A Beginner’s Guide to Dialogue Tags
Dialogue tags can make or break a reader’s immersion in your dialogue. Great use of dialogue tags can result in clear, engaging, and memorable dialogue, but getting it wrong can make your characters’ conversations feel flat and lifeless. Today, I’m going to show you how to use different types of dialogue tags, when and why it’s important to use them, and how you can use them effectively.
What Are Dialogue Tags?
A dialogue tag is a word or phrase that describes who is speaking. It’s used to show who said what, and how. He said, she whispered, Julia shouted, Neville sighed are all examples of dialogue tags.
As an example:
“How can I ever repay you?” she said.
In the phrase above, the word “she said” is the dialogue tag.
When to Use Dialogue Tags
Dialogue tags are like little signposts that tell the reader who said what. But how do you decide when and how to use them?
First, let’s look at why we need them.
The reader needs to know who is talking in order to follow the conversation. They are also a great way of adding detail and emotion to your writing by showing what kind of tone or mood each speaker is in.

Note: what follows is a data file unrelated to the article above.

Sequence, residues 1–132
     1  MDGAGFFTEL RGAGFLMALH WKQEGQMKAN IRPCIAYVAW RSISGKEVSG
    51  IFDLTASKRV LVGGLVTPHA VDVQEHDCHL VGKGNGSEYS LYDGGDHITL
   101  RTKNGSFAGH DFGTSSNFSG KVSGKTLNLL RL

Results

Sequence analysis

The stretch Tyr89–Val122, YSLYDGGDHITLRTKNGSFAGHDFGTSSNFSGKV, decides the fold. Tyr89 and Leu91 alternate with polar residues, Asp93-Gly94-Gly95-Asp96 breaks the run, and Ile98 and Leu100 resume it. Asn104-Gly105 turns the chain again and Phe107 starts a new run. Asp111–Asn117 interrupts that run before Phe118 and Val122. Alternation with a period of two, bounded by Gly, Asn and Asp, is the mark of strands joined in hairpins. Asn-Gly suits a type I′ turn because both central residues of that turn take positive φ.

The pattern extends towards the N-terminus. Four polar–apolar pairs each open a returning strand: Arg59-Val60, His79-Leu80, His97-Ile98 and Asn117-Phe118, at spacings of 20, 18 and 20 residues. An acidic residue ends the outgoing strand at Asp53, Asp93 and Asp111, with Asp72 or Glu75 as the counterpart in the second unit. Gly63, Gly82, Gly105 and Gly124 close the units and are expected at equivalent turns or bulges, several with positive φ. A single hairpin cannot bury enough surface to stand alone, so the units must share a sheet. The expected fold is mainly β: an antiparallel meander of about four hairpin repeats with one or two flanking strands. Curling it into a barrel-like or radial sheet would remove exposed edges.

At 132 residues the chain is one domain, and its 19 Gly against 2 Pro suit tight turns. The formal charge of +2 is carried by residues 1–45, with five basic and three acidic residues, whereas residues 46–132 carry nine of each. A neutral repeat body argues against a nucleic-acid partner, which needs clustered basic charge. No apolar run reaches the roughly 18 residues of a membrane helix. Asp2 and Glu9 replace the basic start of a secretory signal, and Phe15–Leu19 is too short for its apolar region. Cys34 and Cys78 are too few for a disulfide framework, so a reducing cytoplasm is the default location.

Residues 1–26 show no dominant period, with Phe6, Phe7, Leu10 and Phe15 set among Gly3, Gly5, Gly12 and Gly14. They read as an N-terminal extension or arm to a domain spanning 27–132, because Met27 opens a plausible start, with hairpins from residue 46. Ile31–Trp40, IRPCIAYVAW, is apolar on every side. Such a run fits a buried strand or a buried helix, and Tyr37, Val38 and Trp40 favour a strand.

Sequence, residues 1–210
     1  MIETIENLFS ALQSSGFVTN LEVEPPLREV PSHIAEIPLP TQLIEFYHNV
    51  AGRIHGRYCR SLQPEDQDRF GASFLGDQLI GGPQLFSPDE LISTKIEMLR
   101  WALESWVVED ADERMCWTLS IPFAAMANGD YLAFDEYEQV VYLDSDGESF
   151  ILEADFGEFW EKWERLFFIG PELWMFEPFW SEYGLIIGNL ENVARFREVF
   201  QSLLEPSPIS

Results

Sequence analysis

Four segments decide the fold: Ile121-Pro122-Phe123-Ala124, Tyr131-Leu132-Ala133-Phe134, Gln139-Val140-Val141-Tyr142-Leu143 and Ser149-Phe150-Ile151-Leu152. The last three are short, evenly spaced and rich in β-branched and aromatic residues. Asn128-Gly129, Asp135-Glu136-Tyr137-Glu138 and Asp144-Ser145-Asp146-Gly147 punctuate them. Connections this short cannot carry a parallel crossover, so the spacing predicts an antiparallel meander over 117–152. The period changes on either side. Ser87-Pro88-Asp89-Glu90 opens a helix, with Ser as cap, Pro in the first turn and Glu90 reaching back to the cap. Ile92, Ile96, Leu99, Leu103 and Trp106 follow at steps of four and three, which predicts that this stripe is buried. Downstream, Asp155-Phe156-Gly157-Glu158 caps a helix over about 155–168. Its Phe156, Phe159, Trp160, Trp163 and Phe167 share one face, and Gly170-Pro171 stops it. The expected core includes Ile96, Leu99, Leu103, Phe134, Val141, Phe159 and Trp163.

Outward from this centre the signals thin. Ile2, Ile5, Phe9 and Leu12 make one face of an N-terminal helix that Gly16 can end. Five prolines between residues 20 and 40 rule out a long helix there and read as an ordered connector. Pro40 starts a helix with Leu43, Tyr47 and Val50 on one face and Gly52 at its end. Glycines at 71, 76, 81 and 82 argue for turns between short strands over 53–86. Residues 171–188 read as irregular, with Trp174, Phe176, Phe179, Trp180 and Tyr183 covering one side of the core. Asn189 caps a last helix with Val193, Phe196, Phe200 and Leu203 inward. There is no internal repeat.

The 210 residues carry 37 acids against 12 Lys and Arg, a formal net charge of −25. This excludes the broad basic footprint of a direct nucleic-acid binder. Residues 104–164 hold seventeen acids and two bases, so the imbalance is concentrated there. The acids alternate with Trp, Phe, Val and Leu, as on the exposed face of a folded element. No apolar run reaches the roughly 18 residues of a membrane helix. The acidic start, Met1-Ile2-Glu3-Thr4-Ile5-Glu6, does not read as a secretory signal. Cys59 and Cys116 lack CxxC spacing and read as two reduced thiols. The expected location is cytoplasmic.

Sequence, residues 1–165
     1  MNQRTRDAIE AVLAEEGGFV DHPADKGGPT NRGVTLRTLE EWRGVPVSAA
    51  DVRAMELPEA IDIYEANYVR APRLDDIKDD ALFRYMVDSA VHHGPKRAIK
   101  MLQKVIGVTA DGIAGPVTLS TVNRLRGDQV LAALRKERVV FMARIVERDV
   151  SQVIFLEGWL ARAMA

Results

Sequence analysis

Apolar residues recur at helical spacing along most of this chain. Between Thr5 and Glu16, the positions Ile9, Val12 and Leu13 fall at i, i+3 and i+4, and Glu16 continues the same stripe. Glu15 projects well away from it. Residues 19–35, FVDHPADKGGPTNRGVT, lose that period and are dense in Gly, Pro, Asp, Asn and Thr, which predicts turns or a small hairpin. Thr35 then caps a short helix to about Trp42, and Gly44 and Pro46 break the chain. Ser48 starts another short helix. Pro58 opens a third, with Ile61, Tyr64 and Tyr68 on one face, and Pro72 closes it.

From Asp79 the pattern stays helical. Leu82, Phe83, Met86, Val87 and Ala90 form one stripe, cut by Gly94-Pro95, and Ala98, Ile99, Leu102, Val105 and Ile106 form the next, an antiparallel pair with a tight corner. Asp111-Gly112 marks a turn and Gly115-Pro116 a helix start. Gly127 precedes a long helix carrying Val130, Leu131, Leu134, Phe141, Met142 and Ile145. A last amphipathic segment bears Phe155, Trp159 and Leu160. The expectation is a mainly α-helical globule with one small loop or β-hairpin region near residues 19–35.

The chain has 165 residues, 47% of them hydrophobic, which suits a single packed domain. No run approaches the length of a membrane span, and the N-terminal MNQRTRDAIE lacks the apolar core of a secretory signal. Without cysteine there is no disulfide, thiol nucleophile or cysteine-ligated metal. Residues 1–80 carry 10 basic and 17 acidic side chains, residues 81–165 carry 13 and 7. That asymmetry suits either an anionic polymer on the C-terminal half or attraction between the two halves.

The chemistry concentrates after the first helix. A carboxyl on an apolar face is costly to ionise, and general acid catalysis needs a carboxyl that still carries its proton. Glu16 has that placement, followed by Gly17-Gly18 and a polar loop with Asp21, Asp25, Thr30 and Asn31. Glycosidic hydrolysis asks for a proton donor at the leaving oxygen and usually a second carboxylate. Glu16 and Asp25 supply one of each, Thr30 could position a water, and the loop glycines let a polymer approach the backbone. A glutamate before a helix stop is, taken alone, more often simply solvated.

But that doesn’t mean that dialogue tags are always necessary. If your dialogue is clear without them, it’s good to leave them out and let your dialogue speak for itself. Using them occasionally for variation is one thing, but there’s nothing worse than repetitive tagging.
You can also use action beats in place of dialogue tags to set the scene, which is often much more effective than a simple “he said, she said.” Sometimes it’s good to let the action speak for itself. For instance, if two people are having a heated argument, there’s no need for an extra line telling us they’re arguing. A reader will be able to tell by the way your characters are talking (and acting) without having to include tags like “she shouted” or “he screamed”.
Here are some examples:
“Did you see the dog earlier?” Amy asked. “I didn’t, but I certainly heard it,” said Gordon. “It was barking all night,” grumbled Amy. “I wonder if it’s as tired as I feel?” Gordon yawned.
In the example above, you can see that the dialogue tags feel repetitive, despite varying word order and description. A better way to formulate the conversation above with action beats would look like this:
Amy entered the kitchen to see Gordon sipping his coffee at the table. “Did you see the dog earlier?” “I didn’t, but I certainly heard it,” he yawned. “It was barking,” said Amy, staring pointedly at Gordon. “All night.” Shrugging, Gordon returned to his coffee. “I wonder if it’s as tired as I feel?”
A good rule of thumb is: if an action beat would have more impact than a dialogue tag, leave it out—you don’t want anything getting in between your reader and their imagination!
How to Use Dialogue Tags
Dialogue tags can come before, between, or after direct speech.
“Shouldn’t you be studying?” asked Shirley.